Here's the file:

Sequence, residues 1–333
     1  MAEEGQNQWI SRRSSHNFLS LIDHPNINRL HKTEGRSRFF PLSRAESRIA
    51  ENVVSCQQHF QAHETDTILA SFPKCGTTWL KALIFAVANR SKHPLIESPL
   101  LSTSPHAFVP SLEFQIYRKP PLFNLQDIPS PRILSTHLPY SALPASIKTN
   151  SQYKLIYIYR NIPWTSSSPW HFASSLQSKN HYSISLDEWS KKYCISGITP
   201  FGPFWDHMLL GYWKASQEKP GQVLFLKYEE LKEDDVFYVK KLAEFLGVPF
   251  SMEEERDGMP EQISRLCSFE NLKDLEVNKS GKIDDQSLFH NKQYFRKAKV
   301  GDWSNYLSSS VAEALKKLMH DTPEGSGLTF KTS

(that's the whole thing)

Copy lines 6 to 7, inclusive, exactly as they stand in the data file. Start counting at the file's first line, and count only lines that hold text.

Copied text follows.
   201  FGPFWDHMLL GYWKASQEKP GQVLFLKYEE LKEDDVFYVK KLAEFLGVPF
   251  SMEEERDGMP EQISRLCSFE NLKDLEVNKS GKIDDQSLFH NKQYFRKAKV